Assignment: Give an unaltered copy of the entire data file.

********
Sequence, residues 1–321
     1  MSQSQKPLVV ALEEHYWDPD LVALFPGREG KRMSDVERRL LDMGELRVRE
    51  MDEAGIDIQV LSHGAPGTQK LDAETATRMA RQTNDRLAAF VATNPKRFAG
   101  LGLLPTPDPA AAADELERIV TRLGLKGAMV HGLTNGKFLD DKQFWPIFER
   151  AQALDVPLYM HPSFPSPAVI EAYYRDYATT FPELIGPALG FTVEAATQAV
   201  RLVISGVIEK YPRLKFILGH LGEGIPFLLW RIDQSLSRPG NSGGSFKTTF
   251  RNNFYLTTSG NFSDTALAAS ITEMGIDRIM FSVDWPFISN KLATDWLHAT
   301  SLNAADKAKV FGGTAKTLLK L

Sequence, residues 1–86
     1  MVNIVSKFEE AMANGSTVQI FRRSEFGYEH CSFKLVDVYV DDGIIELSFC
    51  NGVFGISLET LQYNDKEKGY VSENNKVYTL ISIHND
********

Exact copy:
Sequence, residues 1–321
     1  MSQSQKPLVV ALEEHYWDPD LVALFPGREG KRMSDVERRL LDMGELRVRE
    51  MDEAGIDIQV LSHGAPGTQK LDAETATRMA RQTNDRLAAF VATNPKRFAG
   101  LGLLPTPDPA AAADELERIV TRLGLKGAMV HGLTNGKFLD DKQFWPIFER
   151  AQALDVPLYM HPSFPSPAVI EAYYRDYATT FPELIGPALG FTVEAATQAV
   201  RLVISGVIEK YPRLKFILGH LGEGIPFLLW RIDQSLSRPG NSGGSFKTTF
   251  RNNFYLTTSG NFSDTALAAS ITEMGIDRIM FSVDWPFISN KLATDWLHAT
   301  SLNAADKAKV FGGTAKTLLK L

Sequence, residues 1–86
     1  MVNIVSKFEE AMANGSTVQI FRRSEFGYEH CSFKLVDVYV DDGIIELSFC
    51  NGVFGISLET LQYNDKEKGY VSENNKVYTL ISIHND